Characteristics of hydrothermal gasification

Hydrothermal gasification is suitable for wet biomass treatment. When wet biomass is to be gasified, usual thermochemical gasification is not employed due to its high moisture content. Hydrothermal gasification, on the other hand, uses water as reaction medium, and thus wet biomass can be treated without costly, energy-consuming drying pretreatment. Since reactivity of water is high under these conditions, hydrothermal gasification enables quick and almost complete gasification of biomass. Biomethanation is employed to obtain methane gas from wet biomass, but usually it takes a few weeks for the reaction to complete, and treatment of unreacted fermentation sludge and waste water can be a large problem. Reaction time as long as a few weeks results in bulky reactor. Fermentation sludge can be converted to compost, but when sufficient land is not available for the use of the compost, it is just a waste to be treated. In hydrothermal gasification, reaction is completed in a few minutes at longest, and almost complete gasification is possible when reaction condition is properly adjusted. Sometimes, addition of catalysts such as alkali, metal, or carbon catalysts enhances the reaction.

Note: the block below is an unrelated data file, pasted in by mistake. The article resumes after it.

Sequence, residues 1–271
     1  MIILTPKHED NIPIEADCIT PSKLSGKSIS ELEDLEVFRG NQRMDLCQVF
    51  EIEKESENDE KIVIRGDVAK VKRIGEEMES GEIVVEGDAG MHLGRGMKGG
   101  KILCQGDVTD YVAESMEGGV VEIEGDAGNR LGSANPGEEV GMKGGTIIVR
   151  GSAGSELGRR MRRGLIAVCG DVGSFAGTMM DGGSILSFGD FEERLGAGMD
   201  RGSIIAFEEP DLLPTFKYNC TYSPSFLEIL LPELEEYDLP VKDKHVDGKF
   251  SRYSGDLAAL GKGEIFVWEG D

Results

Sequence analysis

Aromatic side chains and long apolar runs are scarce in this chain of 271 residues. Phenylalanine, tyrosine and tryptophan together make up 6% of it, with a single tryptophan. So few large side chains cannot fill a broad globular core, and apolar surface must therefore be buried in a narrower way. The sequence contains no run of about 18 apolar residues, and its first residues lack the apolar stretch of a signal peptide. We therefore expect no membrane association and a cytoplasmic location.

To investigate the reactions taking place in hydrothermal gasification, tube-bomb reactors of the volume of several mL and autoclaves are often used. However, when you want to develop a commercial plant, a continuous reactor such as is shown in Fig. 4.5.2 is a must. Biomass is fed to the reactor at a high pressure, and then heated to the reaction temperature. In the reactor, biomass is gasified under hydrothermal condition, and the effluent is cooled down to the room temperature. Heat released at this time is recovered by the heat exchanger, and used to heat up the feedstock. After reaching the room temperature, the effluent is depressurized to atmospheric pressure, and the product gas is recovered. The continuous reactor is needed because of the large amount of heat needed to attain the hydrothermal condition. This heat sometimes matches the heat of combustion of the biomass to be gasified, and thus heat recovery using a heat exchanger is needed. Only flow reactors allow this heat recovery. In Fig. 4.5.2, heat balance for the ideal case is also shown. Combustion heat of biomass is maintained in the product gas while heat required to attain hydrothermal condition is recovered so that no heat is added from outside during gasification operation. In practice, the efficiency of the heat exchanger cannot be unity, and endothermic reaction results in necessity of additional heat supply to the reactor.

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